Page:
Skeleton of Indian Goliath Found Near That of Small Animal In Shallow Gravel Pit at Whitestown

Whitestown, Ind., Oct 27 -- While a number of farmers were loading gravel at the gravel pit on the farm of Rhenus Isenhour, three miles north of Whitestown, Monday, they found a human skeleton of great size at a depth of about four feet. A slight cavein [sic] from the side of the pit revealed the skeleton, which lay in a horizontal position. David Neese and Linsey Hine, supervisors of the roads north of Whitestown, directed the men to remove the bones carefully, and they succeeded in exhuming them practically intact. Resting beside the skeleton were the bones of a smaller animal, resembling those of a dog.

The skeleton was removed to Whitestown and Dr. P. B. Little pronounced it to be that of an Indian of immense stature. The bones forming the lower half of the skull are very large, especially the jaw bones, which contain perfect sets of teeth. The skeleton was left at the office of Dr. Little, where it has been viewed by great numbers of people.

Transcribed by: T. Stover - 9/2006

The Fort Wayne Journal-Gazette
Fort Wayne, Indiana
Tuesday Morning, January 14, 1902


WASHINGTON - Jan. 13 - The president to-day named the following postmasters for Indiana: Chauncey D. Sherwin, Goshen; Albet S. Peacock, Attica; Elliott E Barnard, Delphi; Andrew Laird, Frankfort; Andrew M. Willoughby, Greensburg; Ellis G. Darnell, Lebanon; William C. Vance, Noblesville; Andrew Morrissey, Notre Dame; William H. Mallory, Veedersburg; William O. Protsman, Vevay; Robert S. Potts, Thorntown; B. W. Scott Wiseman, Culver.

Charges of an unimportant character were preferred against Sherwin, of Goshen, and there was local opposition to Protsman, of Vevay, and Willoughby, of Greensburg. The senators stood by their original recommendations in every instance.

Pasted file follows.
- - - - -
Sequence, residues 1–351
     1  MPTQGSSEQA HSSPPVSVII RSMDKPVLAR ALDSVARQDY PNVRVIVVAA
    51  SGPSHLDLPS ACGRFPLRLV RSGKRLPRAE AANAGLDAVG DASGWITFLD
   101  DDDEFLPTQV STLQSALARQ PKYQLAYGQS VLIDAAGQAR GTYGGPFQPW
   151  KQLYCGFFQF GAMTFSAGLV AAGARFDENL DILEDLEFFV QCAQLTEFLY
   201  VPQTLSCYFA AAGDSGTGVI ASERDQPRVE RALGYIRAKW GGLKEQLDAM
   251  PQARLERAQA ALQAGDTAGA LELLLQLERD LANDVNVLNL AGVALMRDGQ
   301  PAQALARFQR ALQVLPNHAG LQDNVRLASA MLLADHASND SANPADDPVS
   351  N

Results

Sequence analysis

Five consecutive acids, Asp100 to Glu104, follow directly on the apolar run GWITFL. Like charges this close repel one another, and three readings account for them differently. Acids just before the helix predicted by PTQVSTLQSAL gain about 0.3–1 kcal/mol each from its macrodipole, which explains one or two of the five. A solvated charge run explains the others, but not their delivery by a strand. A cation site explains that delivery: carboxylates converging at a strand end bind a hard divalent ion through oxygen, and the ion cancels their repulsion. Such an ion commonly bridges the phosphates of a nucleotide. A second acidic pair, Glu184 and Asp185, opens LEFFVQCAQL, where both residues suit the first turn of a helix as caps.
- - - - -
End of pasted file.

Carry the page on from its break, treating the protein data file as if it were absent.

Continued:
Transcribed by: T. Stover - 10/2006

The Fort Wayne Journal-Gazette
Fort Wayne, Indiana
Sunday, February 2, 1902, Page 8, col 3


On Monday evening the Rev. J. O. Rose, of Lebanon, state superintendent of the good citizenship department of the Christian Endeavor society, will address the Union Christian Endeavor meeting at Plymouth church.

Transcribed by: T. Stover - 10/2006

The Indianapolis Star
Indianapolis, Indiana
October 25, 1908
Page 17, For Sale - Miscellaneous

FOR SALE -- Piano purchasing coupon for $78.50, issued by the Story & Clark Piano Company; will take $25 cash. Address EDWIN M. HOBBS, Zionsville, Boone County, Indiana.

Transcribed by: T. Stover - 10/2006

The Fort Wayne Journal-Gazette
Fort Wayne, Indiana
Thursday morning, March 11, 1909


CHICAGO, March 10 - Judge A. B. Anderson who presided at the retrial of the celebrated Standard Oil case, was born in Zionsville, Ind., February 10, 1857. He was graduated from Wabash college in 1879 and then studied law at Crawfordsville and Indianapolis. He was admitted to the bar in 1881 and began the practice of law at Crawfordsville. He was a prosecuting attorney for Montgomery county, Ind., for three years, and since December 18, 1902, he has been United States district judge for the district of Indiana. His home is in Indianapolis. Another famous case at which Judge Anderson presided was that against John R. Walsh, former president of the Chicago National bank, who was found guilty of misapplying the funds of the bank and was sentenced to serve a five years' term in prison at Leavenworth, Kas. Walsh's case is now pending in the court of appeals.

Transcribed by: T. Stover - 10/2006

The Weekly Sentinel
Fort Wayne, Indiana
January 24, 1906


Prevented by illness from attending church services, Miss Ara Vaught, by means of telephone arrangements made expressly for her benefit, was enabled last night to hear the entire revival service at the M. E. church. Miss Vaught has been an invalid for several years and has not been able to attend church. She is a devout Christian. Miss Vaught recently expressed a desire to hear the pipe organ in the new church and yesterday the Lebanon Telephone company made arrangements whereby her wish could be gratified. A megaphone attached to a telephone was placed in front of the pulpit in such a way that every word uttered by the pastor, the Rev. Tillotson, and every note of the pipe organ was caught up by the megaphone and transmitted through the telephone. It was a rare treat for the invalid and was deeply appreciated by her.

Transcribed by: T. Stover - October 30, 2006